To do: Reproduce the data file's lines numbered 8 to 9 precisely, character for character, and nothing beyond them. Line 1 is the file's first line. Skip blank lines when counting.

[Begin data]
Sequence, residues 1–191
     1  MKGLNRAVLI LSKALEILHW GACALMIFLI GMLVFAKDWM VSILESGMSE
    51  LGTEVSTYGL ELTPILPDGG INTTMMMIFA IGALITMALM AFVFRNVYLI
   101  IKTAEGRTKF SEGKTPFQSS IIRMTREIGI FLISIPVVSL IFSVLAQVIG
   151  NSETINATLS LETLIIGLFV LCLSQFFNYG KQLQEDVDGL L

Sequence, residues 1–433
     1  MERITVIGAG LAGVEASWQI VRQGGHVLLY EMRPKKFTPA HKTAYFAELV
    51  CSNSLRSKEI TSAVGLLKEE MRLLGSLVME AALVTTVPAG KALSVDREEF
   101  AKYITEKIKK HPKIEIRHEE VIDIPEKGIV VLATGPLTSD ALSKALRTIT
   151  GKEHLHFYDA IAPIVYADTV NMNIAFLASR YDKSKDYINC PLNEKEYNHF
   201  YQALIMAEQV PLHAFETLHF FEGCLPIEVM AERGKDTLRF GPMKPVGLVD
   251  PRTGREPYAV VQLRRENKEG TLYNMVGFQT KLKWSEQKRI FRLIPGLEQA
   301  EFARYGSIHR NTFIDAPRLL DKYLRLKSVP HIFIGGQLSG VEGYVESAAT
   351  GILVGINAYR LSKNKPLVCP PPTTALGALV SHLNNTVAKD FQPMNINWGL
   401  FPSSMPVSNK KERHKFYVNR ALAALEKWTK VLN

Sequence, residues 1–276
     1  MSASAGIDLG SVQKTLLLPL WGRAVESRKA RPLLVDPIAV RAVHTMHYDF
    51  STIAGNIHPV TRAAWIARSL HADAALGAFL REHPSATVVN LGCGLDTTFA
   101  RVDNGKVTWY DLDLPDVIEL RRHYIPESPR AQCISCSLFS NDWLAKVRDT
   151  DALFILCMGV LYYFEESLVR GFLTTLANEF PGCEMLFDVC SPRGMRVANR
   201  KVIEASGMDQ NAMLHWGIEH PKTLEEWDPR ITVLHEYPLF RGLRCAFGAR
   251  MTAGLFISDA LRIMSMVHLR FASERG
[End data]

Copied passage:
    51  CSNSLRSKEI TSAVGLLKEE MRLLGSLVME AALVTTVPAG KALSVDREEF
   101  AKYITEKIKK HPKIEIRHEE VIDIPEKGIV VLATGPLTSD ALSKALRTIT